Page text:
Different technologies can be stabilizing or destabilizing. Submarines with nuclear weapons are seen as stabilizing because they eliminate nuclear first strike advantage, while missile defense systems are seen as destabilizing because they enhance first strike advantage. Are autonomous weapons a stabilizing or destabilizing technology? It’s hard to say, because autonomy takes so many forms.

In automation, there’s a haste that’s added that is problematic when humans are out of the loop. Humans ought to be in the loop to override autonomy in cases where the context implies a different action is best. Humans have a projection bias when predicting their own future preferences for novel situations. What happens in a novel situation if we have encoded our decisions beforehand in the code that automates our weapons?

There’s an argument that too much stability is bad, because it will allow for other lesser forms of violence. The madman theory says we might want to imply that there is some instability, in order to convince the enemy that the weapons could really be used.

Combined human-machine systems can use the benefits of both. Humans can be the moral agency, failsafes, etc. The only problem is the limitations of speed when humans are in the loop or on the loop.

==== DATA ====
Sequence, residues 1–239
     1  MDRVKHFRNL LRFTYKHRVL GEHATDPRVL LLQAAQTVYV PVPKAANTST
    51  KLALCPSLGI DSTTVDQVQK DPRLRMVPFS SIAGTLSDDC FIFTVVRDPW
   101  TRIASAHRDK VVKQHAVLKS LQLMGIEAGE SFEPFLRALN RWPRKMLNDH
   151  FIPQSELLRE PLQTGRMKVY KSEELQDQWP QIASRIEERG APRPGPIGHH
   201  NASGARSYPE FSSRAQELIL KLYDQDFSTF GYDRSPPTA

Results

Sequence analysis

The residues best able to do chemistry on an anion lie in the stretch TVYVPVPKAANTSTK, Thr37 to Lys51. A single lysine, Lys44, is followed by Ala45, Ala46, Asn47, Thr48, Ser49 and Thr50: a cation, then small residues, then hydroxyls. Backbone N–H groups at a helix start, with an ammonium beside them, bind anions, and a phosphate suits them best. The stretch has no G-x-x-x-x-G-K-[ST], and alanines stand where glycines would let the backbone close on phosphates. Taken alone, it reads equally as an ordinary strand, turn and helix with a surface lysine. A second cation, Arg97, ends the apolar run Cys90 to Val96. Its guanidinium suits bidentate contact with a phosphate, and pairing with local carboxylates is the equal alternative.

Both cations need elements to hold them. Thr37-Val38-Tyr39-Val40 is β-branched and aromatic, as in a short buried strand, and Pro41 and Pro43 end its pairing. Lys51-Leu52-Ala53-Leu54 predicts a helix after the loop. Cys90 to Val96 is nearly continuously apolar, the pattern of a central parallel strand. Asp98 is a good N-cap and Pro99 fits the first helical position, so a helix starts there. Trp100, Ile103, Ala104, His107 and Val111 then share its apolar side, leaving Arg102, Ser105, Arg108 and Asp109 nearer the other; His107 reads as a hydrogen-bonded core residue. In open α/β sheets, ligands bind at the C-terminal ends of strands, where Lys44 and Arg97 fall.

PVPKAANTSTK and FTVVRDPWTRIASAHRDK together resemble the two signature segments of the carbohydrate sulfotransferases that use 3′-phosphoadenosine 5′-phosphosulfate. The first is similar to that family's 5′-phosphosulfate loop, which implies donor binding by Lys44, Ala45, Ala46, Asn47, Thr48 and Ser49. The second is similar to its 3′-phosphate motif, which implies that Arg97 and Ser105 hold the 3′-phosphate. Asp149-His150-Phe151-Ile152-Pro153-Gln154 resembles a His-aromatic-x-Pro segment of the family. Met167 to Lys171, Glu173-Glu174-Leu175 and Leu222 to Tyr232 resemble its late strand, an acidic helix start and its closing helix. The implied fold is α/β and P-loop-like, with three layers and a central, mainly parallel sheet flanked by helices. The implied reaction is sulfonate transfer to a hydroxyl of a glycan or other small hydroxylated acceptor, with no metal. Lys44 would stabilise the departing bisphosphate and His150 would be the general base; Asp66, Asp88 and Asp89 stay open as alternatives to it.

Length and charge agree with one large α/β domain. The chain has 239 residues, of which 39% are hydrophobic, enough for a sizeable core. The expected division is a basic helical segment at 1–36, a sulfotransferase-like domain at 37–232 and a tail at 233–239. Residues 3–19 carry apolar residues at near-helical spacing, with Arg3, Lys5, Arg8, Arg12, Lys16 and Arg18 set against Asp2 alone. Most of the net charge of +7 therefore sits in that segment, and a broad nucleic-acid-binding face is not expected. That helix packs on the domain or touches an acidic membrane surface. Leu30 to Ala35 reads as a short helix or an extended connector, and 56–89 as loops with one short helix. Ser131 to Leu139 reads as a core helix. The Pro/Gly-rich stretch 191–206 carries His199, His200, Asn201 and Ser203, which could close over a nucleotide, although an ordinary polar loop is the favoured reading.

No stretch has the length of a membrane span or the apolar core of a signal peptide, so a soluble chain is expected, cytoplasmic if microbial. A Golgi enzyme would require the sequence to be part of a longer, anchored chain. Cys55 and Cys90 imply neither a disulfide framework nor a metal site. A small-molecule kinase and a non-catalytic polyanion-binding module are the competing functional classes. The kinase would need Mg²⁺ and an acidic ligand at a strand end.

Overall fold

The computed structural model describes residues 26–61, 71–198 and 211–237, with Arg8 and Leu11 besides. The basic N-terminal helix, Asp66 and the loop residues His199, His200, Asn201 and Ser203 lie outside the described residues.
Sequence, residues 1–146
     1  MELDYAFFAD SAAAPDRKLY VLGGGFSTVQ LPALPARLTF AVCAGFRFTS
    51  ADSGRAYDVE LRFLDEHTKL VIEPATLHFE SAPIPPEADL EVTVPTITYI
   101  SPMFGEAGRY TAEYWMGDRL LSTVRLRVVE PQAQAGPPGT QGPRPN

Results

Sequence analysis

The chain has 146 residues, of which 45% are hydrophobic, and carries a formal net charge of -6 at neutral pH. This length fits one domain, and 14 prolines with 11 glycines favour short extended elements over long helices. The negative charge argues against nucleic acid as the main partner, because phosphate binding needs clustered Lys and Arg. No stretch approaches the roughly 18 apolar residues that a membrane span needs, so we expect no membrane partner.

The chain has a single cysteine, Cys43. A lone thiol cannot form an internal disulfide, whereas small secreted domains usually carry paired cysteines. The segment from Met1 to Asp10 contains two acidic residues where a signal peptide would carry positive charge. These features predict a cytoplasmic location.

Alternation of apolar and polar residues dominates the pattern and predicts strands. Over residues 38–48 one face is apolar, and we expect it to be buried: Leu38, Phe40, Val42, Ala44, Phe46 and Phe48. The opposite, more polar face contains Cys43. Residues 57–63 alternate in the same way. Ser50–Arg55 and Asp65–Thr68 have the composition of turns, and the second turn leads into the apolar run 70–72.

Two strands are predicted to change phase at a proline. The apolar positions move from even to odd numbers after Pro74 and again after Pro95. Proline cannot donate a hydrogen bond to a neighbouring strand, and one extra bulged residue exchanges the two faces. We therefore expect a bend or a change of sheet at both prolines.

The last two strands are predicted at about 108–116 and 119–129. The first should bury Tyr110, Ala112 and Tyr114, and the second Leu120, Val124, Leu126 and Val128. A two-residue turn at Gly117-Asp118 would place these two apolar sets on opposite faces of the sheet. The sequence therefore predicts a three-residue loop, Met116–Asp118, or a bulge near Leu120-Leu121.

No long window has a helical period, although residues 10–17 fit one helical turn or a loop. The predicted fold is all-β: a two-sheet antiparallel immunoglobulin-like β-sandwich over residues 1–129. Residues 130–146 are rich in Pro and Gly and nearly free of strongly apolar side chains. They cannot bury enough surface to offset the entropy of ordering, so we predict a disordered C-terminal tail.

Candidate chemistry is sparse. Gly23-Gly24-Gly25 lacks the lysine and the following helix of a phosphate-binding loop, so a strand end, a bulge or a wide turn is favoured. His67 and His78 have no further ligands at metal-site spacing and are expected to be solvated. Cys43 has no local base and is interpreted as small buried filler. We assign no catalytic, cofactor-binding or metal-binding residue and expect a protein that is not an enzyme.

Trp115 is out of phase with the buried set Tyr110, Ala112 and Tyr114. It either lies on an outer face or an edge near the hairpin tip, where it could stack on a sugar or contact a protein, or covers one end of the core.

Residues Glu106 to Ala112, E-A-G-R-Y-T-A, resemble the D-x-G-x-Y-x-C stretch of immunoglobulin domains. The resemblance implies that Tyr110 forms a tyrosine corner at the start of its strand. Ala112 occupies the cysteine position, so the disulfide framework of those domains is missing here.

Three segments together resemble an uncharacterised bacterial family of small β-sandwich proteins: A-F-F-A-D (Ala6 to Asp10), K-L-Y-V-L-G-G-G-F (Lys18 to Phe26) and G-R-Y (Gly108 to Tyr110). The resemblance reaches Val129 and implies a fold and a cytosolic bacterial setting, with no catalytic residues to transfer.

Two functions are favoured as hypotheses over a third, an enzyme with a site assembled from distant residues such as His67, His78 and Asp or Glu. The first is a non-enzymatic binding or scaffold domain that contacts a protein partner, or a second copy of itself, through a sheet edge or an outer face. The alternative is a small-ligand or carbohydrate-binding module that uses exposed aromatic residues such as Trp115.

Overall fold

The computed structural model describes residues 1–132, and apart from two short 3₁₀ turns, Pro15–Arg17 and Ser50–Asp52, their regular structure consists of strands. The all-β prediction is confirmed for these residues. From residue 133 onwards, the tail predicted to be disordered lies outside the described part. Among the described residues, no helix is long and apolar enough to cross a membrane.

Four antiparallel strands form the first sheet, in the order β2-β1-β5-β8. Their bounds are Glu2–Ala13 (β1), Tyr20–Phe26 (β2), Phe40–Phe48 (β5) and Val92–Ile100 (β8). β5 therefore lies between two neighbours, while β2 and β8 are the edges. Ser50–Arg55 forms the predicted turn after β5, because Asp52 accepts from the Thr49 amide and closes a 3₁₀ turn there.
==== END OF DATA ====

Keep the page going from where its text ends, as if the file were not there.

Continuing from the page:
bans permalink

Bans of certain kinds of weapons are difficult to come by, and depend on factors like the weapon’s stability effects, usefulness, and perceived horribleness. This movement toward an automated weapons ban is different because it’s led by NGOs, not states. All the states that have signed on so far are small ones without the ability to win an automation arms race. But among those participating in the conversation, there appears to be an early consensus that humans ought to always be involved. But this particular area is hard because it’s so difficult to define the set of things that are “automated systems”.

Things that make a ban successful:

  1. An identifiable focal point
  2. Perceived horribleness
  3. Transparency: the ability to verify

Types of possible automation bans:

  • regulate the type of autonomy: hard because it’s all software, hard to judge
    • Maybe just non-recoverable machines can be automated? That way there’s a cost to deployment.
  • anti-personnel autonomous weapons: low military usefulness, high horror
  • non-legally binding code of conduct to establish rules of the road
  • establishing a general principle about the role of human judgement in war
    • E.g. stating that a human must be responsible for the IHL rules, meaning that autonomous systems would have to remain limited in scope.

The good news is that human societies already show natural restraint in war. Maybe we’ll figure it out.